PRESIDENTIAL peace adviser Jesus “Jess” Dureza has called on stakeholders to work on relationship building and healing the wounds and divisions brought about by armed conflict in the country.
He issued the call after noting that we can build easily the damaged physical structures, like school buildings, but bringing back social cohesion and mending the torn social fabric take time.
In a speech in Zamboanga City last Monday, Dureza, a former working newsman, emphasized that the healing process is one of the lessons that could help the current conflict in Marawi City.
He was in Zamboanga City, which is in the process of building torn relationships following the 2013 siege, to represent President Duterte for the commemoration of Philippine Independence.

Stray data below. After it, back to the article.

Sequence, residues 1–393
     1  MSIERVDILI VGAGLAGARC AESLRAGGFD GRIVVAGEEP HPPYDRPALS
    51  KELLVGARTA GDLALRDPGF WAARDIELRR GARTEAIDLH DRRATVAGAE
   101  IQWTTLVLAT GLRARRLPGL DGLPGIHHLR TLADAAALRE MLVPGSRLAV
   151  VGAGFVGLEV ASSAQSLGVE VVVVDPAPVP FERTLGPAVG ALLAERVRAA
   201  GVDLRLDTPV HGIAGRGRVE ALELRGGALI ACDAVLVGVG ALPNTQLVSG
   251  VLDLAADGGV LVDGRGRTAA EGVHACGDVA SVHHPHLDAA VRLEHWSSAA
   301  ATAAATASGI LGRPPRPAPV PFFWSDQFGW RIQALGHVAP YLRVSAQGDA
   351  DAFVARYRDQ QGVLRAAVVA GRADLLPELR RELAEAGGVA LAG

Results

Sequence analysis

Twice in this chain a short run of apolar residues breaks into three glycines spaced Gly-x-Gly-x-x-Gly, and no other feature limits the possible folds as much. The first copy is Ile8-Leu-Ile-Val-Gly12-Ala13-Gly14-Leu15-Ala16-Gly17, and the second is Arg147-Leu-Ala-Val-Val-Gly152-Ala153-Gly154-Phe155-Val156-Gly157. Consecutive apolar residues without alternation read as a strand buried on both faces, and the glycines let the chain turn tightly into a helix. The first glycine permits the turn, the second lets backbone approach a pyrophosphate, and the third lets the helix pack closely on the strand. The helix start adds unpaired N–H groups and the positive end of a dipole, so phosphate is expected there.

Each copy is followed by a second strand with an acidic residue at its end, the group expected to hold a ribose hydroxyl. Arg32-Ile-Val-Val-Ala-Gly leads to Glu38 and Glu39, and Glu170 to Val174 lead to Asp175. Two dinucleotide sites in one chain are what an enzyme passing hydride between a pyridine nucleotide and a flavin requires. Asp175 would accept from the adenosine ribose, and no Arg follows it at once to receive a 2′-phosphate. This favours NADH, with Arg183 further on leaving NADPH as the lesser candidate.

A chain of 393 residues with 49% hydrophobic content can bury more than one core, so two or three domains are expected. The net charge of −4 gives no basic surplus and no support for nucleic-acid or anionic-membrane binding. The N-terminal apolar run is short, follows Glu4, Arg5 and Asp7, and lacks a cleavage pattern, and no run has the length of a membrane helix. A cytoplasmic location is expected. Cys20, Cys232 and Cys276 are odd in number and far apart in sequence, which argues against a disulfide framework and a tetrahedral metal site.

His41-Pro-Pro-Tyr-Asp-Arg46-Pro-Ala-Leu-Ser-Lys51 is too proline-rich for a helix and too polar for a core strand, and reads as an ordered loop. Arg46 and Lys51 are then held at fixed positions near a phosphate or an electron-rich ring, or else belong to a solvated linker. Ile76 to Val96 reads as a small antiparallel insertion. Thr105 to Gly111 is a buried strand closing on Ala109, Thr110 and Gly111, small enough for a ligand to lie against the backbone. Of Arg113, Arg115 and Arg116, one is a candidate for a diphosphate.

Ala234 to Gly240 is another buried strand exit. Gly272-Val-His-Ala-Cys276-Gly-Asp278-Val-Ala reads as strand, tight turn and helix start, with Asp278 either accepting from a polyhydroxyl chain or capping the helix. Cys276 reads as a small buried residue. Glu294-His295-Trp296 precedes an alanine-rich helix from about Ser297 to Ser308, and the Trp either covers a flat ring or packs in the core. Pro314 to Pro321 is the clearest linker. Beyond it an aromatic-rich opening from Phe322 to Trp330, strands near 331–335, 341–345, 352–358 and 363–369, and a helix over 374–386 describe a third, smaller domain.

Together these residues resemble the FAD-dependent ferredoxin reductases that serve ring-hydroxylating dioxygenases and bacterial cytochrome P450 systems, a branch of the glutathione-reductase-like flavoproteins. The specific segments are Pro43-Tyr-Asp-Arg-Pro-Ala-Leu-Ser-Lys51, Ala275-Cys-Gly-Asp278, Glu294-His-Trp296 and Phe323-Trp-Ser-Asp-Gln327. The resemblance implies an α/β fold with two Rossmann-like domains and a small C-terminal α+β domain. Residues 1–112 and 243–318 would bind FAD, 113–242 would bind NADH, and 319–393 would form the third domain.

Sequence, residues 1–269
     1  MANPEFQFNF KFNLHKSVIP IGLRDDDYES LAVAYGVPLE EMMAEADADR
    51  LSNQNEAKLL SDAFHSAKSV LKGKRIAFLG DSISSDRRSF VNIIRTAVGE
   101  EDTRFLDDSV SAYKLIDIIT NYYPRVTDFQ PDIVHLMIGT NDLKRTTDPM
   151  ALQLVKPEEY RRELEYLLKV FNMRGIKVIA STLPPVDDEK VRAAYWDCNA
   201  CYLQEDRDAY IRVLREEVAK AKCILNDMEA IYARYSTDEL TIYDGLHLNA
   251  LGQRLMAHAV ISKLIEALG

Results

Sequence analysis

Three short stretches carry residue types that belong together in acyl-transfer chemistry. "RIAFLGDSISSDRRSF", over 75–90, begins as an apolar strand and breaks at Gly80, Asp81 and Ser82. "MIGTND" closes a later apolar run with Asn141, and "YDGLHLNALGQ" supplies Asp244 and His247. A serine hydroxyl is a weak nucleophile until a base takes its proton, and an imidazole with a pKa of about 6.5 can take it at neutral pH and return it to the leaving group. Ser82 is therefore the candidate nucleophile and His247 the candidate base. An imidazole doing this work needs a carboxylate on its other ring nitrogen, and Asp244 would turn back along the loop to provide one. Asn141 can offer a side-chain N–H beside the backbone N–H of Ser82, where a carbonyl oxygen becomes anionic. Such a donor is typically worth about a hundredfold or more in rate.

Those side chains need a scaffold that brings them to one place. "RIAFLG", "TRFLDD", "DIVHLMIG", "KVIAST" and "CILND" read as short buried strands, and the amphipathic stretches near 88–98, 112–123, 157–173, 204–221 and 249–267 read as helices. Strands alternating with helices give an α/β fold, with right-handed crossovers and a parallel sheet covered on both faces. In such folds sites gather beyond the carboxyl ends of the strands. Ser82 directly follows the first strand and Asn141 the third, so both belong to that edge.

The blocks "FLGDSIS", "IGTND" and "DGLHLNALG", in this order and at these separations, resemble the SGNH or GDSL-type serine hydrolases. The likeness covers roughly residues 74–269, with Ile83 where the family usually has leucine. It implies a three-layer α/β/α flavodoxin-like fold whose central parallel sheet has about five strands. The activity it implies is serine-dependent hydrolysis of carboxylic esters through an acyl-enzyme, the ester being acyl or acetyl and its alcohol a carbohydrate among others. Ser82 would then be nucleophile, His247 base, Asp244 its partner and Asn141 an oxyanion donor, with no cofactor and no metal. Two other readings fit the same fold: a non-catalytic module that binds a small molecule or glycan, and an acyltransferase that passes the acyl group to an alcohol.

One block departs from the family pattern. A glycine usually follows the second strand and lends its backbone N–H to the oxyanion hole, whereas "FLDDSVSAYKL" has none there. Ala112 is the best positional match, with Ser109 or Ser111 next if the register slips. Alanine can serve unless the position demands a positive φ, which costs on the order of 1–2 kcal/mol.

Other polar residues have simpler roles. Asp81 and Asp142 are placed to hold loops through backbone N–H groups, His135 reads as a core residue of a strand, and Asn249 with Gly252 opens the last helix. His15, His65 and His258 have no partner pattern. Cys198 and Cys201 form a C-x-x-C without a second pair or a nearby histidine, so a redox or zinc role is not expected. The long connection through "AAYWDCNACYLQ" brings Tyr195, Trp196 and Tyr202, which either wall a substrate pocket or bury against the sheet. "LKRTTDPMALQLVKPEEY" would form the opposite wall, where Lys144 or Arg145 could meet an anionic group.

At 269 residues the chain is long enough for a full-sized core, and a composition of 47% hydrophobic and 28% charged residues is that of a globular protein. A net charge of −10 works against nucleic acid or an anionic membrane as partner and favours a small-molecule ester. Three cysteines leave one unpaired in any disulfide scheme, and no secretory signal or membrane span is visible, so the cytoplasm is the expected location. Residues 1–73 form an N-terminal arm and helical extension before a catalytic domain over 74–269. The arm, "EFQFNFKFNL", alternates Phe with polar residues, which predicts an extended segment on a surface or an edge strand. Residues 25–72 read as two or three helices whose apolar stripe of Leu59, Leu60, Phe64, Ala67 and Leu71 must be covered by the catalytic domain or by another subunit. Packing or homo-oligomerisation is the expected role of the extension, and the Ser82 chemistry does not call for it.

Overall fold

“There is a strong need for social healing…and see to it that we don’t have a continuity of this conflict,” said the soft-spoken but highly-articulate presidential peace adviser from Mindanao.
Dureza also emphasized the need to check hatred and deep-seated biases to advance the cause “because if you have anxieties…and hatred, then you cannot radiate to others what you do not have.”
Today, a key advocate of healing and rebuilding relationships is the Office of the Presidential Adviser Peace Process (OPAPP), which is tasked to address the underlying causes of armed conflicts in the country.
In fact, the OPAPP is working under the administration’s six-point peace and development roadmap, which covers the implementation of all the peace agreements the government had signed with rebel groups.
The roadmap also provides the needed socio-economic interventions to conflict-affected areas in the country.
Like Dureza, we believe that what is important is for all of us to stay on course, knowing full well that the road to peace is not paved.